Thursday, 4 February 2010
The sheltered life (Glasgow) 61
According to the blurb inside the jacket, Ellen Glasgow is considered one of America's most eminent classic writers, along with Willa Cather and Edith Wharton. I was thus intrigued as to what I would make of The sheltered life, since I like Cather immensely, but am less enthusiastic about Wharton.
The book tells the story of a number of characters living in Queensborough, a small town in the American South around the turn of the last century, told from the perspective of 76-year old General Archbald and his granddaughter Jenny Blair. The book mainly deals with the changing circumstances due to the growth of industry in the run up to the First World War and describes how this impacts on the mores of religion and convention. Bits of the book amused me, such as the opening scene where Jenny is reading Little Women, and being paid 1c per page by her grandfather (a lucrative deal since the book is over 500pp long), but despite this promising opening I struggled to enjoy it.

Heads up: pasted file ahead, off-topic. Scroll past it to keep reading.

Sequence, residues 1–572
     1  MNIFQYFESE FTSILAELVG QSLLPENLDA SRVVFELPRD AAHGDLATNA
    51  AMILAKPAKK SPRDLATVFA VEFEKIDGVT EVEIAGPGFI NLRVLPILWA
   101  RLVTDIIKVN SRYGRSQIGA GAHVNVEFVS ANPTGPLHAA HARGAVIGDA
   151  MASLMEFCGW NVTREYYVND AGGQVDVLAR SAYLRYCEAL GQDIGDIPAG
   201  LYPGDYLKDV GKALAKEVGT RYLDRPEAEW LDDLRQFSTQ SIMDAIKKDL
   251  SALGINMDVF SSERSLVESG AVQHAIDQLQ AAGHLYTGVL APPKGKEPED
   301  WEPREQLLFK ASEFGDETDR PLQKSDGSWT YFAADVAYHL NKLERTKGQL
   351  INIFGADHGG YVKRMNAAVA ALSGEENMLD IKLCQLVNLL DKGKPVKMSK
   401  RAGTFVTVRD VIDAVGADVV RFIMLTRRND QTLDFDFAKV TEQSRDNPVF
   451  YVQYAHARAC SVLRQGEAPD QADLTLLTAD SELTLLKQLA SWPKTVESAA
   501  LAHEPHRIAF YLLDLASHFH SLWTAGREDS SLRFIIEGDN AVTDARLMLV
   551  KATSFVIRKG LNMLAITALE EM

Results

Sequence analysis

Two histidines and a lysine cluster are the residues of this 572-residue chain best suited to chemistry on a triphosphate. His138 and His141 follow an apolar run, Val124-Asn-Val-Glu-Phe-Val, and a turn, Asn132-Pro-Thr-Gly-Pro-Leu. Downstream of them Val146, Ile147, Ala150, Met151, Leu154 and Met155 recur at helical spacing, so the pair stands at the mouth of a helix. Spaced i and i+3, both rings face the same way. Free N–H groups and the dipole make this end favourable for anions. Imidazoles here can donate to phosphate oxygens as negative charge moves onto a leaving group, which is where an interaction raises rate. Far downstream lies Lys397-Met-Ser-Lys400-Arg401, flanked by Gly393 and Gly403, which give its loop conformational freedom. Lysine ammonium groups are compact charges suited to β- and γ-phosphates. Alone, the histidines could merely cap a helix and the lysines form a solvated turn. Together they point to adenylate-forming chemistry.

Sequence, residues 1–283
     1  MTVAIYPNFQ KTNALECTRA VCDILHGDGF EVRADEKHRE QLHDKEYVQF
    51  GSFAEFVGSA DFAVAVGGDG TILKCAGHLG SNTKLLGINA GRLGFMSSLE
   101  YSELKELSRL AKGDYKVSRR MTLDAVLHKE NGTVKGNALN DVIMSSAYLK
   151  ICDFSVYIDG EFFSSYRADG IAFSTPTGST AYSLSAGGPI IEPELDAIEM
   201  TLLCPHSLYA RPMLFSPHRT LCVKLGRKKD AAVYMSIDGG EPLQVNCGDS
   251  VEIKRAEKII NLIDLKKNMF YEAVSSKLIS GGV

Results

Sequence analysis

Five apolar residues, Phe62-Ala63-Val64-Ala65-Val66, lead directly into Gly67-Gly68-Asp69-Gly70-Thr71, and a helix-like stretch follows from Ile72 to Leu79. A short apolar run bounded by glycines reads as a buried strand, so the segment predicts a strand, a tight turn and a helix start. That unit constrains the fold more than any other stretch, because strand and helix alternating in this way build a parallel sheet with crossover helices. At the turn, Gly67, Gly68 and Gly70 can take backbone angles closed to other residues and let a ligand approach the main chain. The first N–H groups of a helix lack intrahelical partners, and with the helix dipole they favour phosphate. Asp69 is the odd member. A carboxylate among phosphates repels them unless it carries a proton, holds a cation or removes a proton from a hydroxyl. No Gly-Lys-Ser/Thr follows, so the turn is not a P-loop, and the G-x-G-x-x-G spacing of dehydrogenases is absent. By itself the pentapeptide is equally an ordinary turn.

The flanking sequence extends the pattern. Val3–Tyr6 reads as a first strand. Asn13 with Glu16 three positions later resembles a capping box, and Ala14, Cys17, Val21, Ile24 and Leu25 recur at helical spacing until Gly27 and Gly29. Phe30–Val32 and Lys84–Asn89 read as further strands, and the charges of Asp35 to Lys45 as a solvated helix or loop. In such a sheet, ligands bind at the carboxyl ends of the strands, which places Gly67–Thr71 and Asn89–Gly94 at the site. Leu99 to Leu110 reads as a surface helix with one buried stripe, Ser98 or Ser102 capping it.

Just published the once by Virago, the edition had a fascinating introduction by Glasgow which discussed how she went about writing and how she concieved The sheltered life.